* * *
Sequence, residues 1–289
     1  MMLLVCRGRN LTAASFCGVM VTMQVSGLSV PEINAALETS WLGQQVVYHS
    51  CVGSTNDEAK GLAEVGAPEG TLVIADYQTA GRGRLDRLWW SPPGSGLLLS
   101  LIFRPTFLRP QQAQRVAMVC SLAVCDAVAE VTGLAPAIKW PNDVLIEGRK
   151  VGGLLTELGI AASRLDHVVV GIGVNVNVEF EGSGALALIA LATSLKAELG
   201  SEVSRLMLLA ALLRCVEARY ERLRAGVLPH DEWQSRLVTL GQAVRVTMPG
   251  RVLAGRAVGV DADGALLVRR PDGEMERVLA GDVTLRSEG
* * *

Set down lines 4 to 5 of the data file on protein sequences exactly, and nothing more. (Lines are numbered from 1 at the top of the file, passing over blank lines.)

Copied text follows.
   101  LIFRPTFLRP QQAQRVAMVC SLAVCDAVAE VTGLAPAIKW PNDVLIEGRK
   151  VGGLLTELGI AASRLDHVVV GIGVNVNVEF EGSGALALIA LATSLKAELG